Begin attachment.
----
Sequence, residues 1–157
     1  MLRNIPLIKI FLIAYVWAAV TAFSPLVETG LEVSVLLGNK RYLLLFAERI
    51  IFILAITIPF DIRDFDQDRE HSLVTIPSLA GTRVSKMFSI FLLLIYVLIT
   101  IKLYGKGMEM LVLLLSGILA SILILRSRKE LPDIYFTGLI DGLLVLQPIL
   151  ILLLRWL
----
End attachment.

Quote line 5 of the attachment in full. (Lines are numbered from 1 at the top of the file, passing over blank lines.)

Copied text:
   151  ILLLRWL